Author Interviews

Welcome to my Indie Author interviews! As a new feature on my site, once a fortnight/month I will delve into Twitter and find an indie author to show you what these clever people can do.


This fortnight I’m talking to Kindar Ra’Harashal who last year wrote a million words! (A MILLION!) If you need a lesson in dedication Kindar is it, he works 12 hour days, six to seven days a week. He writes about relationships between men, some not about love and others very explicit.





Ok, easy one to start that requires only silly answers to break the ice, what is your favourite silly activity?

My favorite activity to do is play Minecraft. I am thoroughly addicted to that game and I don’t even know why. I can look at it objectively and know that there’s nothing in it that’s all that interesting to do, after all it’s break stuff, and build stuff. I have little in the way of visual imagination, so breaking stuff is about all I do. And yet I can spend hours and hours just mining the ground.

The modded version of Minecraft are even worse for me because they give me something to do instead of mindlessly mining.

It is a game I have to be very careful with. Days can easily disappear in it.


What is your current WIP and what excites you the most about it?

My current Work in Progress is book 3 in the Tristan series, ‘The Used Child” what excites me the most about it is that this is where Tristan and Alex meet again after years apart and both discover that neither of them is who the other expected. It isn’t a pretty reunion, but it’s an exciting one.


What do you do when you get writers block?

I want to start by stating that I don’t believe in the concept of “writer’s block” as being not having any idea of what to write.

When I can’t write, it’s because of one of two reasons. Either I’m physically or emotional exhausted. In those cases, I just rest. I take a day off from writing. The other reason is that something isn’t working in the story, maybe my plot isn’t going where I wanted it to go, or where I thought it was supposed to go. Maybe I just lost track of what the story is about.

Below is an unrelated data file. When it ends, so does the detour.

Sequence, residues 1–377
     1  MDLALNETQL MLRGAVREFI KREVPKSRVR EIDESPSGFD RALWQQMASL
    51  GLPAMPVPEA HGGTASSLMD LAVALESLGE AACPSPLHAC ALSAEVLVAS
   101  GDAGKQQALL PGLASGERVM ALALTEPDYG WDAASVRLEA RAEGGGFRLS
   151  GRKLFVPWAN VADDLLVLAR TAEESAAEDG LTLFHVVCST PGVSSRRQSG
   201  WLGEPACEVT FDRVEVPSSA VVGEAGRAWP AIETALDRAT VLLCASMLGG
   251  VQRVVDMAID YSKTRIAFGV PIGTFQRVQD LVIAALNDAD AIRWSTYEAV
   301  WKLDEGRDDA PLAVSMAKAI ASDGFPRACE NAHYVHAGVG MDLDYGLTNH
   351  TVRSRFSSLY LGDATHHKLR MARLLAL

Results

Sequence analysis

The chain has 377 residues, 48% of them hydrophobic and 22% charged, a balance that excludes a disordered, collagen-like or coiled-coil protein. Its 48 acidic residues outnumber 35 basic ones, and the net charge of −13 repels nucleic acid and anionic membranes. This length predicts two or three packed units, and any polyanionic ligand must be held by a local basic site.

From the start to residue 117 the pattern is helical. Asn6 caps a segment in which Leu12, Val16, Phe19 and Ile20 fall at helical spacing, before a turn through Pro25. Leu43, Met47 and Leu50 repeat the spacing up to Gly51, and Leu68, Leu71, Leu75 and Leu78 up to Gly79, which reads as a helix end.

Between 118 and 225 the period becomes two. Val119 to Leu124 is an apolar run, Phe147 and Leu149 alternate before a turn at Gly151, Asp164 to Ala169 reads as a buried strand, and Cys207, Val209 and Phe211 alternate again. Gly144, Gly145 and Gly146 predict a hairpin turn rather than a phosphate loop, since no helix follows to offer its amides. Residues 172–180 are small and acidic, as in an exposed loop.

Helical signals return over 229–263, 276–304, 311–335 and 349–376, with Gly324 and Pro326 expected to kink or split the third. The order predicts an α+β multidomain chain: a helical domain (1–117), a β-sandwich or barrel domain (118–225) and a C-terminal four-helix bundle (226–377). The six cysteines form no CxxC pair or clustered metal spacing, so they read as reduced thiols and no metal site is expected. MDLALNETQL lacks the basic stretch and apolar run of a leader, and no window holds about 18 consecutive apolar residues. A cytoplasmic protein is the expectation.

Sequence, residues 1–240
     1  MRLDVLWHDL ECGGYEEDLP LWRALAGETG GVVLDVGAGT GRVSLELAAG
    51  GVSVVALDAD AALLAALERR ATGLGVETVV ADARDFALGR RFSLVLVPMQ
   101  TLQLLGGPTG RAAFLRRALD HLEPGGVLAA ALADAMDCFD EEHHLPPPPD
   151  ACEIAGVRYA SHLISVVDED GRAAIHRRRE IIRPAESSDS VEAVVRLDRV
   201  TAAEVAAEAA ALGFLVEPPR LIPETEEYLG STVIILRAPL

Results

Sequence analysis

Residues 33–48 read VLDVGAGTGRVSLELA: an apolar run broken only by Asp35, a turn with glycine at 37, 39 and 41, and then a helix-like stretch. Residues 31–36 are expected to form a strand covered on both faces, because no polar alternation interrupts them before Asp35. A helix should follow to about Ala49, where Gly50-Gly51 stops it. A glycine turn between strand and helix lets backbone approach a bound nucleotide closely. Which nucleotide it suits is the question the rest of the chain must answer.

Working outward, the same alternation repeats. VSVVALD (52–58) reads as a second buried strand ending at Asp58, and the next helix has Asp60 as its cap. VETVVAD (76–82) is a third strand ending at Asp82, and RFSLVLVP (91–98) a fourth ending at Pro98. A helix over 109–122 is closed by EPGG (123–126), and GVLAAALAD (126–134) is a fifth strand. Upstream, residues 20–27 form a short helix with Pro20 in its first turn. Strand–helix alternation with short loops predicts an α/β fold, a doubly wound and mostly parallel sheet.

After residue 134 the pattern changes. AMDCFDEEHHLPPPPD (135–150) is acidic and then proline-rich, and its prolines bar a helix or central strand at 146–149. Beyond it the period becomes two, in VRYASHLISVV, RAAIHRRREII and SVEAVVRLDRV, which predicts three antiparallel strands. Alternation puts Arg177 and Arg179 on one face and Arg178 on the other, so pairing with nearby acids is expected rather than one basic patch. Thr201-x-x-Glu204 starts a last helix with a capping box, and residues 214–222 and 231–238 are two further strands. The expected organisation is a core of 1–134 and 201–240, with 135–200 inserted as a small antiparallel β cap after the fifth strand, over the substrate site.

If I have the luxury of setting the story aside, I’ll do that while I figure out how to fix the problem. During that time I’ll work on something else because I find that the routine of writing everyday works for me.

If I don’t have that luxury, I need to publish three novels a year so I can’t always afford to stop, then I just force my way through it and trust that I’ll figure out the solution and so that I can fix things during the second draft phase.


What’s been the most challenging thing about being a writer, and the most rewarding?

The most challenging thing about being a writer for me is making the time to write. I work a 12 hour a day job, 6 days a week, sometime 7. I take 2 hours out of the morning, before I start to work, every day to write, but I have days when I would love to have more. My ultimate goal is to earn my living from writing.

The most rewarding is that moment when the story comes together. It might be when me and my co-scripter are working on the outline, or while I’m doing the actual writing but when that moment happens, it’s like the story comes to life and carries me along with it. I no longer so much write the story as transcribe what I see happening.


What advice would you give to writers out there?

Figure out why you are writing.

There is nothing wrong with writing for the simple pleasure of doing it, or to seek fame and fortune, but they will require different methods bring different challenges and rewards. I don’t think there’s anything more frustrating than spending years working on that epic 12 volume story that will be spoken about for centuries to come, only to realize that all you wanted to do was have fun telling a story.

Knowing why you write, accepting the limitation and rewards of that reason will make anything you write, following that, much easier and way more fun.


You can find Kindar swanning around Twitter, and his books on Amazon.

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